1. […] Another dot in the blogosphere?: #PSLE2021 (Part 2): The Dark Side – A Juggling Mum: A Christian Mum’s take on the PSLE changes – The Asian Parent: Exposure to racism and violence hampers children’s learning, behavior, […]

  2. Karen July 21, 2016 at 10:37 pm Reply

    So true! You’re such an encouraging Mum and Sophie is blessed. Our girls will be the first batch to this PSLE change, but I’m sure all will be good in His hands.

    • Susan July 24, 2016 at 8:57 am Reply

      Indeed all will be good in His hands. Our role is to teach them to do their best as a student 🙂

  3. Shub July 26, 2016 at 2:59 pm Reply

    I think my boy will get the new PSLE setup. Am pretty happy about the changes. As a parent, I don’t really want to stress them…Growth mindset is a perfect way to enhance their potential.

    • Susan July 27, 2016 at 8:54 pm Reply

      I’m sure the long-term goal of these changes is to ensure a more holistic education for our kids. Must say it’s in the right direction so far.

  4. Michelle July 26, 2016 at 3:29 pm Reply

    I believe education system can only do so much. It all comes down to a person’s attitude for learning and life in general. So I agree that we should help our children develop a growth mindset. I wouldn’t worry too much about the PSLE changes. It’s just an exam. Besides, they may change it again in a few years time!

  5. Pooja Kawatra Gupta July 26, 2016 at 4:39 pm Reply

    I was reading a post other day where some parents did mention the comparison in the grades before and after the change. For me it totally depends on parents attitude towards the studies and kids should learn from what they study rather than mug up and score fr a while.

  6. Debs G July 26, 2016 at 8:48 pm Reply

    Yes, I absolutely agree with you about a growth mindset where we are constantly looking to best ourselves and not comparing with other people. Hopefully this is the direction that most parents will take!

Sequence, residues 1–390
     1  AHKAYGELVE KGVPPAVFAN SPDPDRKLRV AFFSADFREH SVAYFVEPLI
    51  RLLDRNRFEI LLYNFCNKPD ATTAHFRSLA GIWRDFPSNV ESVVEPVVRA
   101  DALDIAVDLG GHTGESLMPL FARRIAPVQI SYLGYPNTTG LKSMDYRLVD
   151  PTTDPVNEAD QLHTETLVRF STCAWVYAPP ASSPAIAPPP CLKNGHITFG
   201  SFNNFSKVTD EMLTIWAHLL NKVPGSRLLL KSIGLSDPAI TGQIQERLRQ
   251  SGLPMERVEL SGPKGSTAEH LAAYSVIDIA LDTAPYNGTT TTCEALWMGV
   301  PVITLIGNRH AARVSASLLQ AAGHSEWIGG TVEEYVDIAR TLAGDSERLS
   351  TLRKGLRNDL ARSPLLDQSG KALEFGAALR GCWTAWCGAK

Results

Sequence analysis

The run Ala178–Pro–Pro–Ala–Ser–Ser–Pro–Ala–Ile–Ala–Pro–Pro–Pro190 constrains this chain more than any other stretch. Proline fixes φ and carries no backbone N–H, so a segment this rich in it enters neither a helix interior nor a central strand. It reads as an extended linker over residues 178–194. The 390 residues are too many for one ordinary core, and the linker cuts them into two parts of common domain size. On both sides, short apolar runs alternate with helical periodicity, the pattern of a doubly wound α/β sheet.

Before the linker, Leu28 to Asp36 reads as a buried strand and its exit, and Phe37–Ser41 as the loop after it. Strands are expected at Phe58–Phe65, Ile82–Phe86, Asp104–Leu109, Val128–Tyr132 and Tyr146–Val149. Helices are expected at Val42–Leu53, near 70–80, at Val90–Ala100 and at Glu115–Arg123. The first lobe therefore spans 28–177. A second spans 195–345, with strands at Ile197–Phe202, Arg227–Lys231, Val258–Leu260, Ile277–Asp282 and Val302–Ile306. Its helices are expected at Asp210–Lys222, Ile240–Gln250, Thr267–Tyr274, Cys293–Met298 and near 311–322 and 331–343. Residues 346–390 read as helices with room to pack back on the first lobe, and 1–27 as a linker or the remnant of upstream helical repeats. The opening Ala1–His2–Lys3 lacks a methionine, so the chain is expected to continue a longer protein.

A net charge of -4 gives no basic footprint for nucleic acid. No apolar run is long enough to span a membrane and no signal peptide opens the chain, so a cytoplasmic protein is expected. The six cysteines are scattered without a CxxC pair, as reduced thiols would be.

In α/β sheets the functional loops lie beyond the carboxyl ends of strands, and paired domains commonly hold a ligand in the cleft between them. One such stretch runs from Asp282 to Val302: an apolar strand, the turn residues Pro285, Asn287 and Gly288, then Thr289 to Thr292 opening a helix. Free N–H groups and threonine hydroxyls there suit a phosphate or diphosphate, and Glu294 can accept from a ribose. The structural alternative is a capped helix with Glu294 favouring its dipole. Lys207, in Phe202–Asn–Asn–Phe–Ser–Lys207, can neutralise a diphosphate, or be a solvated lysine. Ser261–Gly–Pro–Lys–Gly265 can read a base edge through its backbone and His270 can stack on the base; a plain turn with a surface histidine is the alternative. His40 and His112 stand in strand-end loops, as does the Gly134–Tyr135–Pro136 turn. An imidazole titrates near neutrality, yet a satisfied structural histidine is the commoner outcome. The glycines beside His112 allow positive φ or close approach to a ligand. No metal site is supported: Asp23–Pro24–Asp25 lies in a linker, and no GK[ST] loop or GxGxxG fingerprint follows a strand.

• Susan July 28, 2016 at 8:25 am Reply

      I sure hope so too Deborah.

  7. Mummy Ed July 26, 2016 at 10:11 pm Reply

    I have not heard of the term “Growth mindset”, it’s interesting! And I will definitely check out the other resources you recommended too. As for PSLE changes, I didn’t read much about it because i’m thinking the only thing that will do any good is if they SCRAP the PSLE altogether 😀

    • Susan July 28, 2016 at 8:25 am Reply

      That will be too drastic and I doubt we’ll see it anytime soon.

      • Mummy Ed July 28, 2016 at 8:48 am Reply

        Unfortunately you’re right. But you know, I did not take my PSLE and I turned out pretty ok (I think :p). I should write a post on it soon.

  8. David Sim July 26, 2016 at 10:56 pm Reply

    Thanks for reminding me about the Growth Mindset – its all about perspectives and you’re very encouraging and our children need that because as long as PSLE and Primary school streaming is around…not much will change. Parents who will, WILL. That’s just natural but what is important is that we must intentionally remember to let our kids be kids and also to seek God’s direction on what HE has for them – after all, He was the one who gave them to us and therefore we should remember to seek His guidance.

  9. Jolin July 26, 2016 at 11:54 pm Reply

    Every system has its pros and flaws. Although the new changes give a wider range so students will not be so bent on chasing that 1 or 2 marks, but it is still academically based. To me, the best is to do away with PSLE and let the child enjoy learning and exploring through the primany school years, rather than stressing them on chasing the grades for PSLE.

    • Mummy Ed July 28, 2016 at 8:47 am Reply

      I agree!! Other countries don’t have PSLE so if there’s a will there’s a way to minimize the importance or even do away with it.

  10. Elgarmummy July 28, 2016 at 10:21 am Reply

    The first thought I have is my son better bucks up in his MT, if not it would pull down his score. I should find time to really think about the impact. I like the growth mindsetschool of thought. His primary school is reccomending this to the parents.

    • Susan July 29, 2016 at 8:25 am Reply

      Many parents have voiced their concerns about the MT too as our kids tend to struggle the most with this. My girl is in a SAP school and while I hope she continues with Higher Chinese all the way to P6, I’ll try not to stress her over it too.

  11. Mary H August 1, 2016 at 1:19 am Reply

    Sophie is blessed to have Mommy’s guidance which is grounded on Christian principles. I heard that schools are doing talks for parents to help them better understand the new changes. Has Sophie’s school done the talk? And did your perspective change after listening to the school leaders?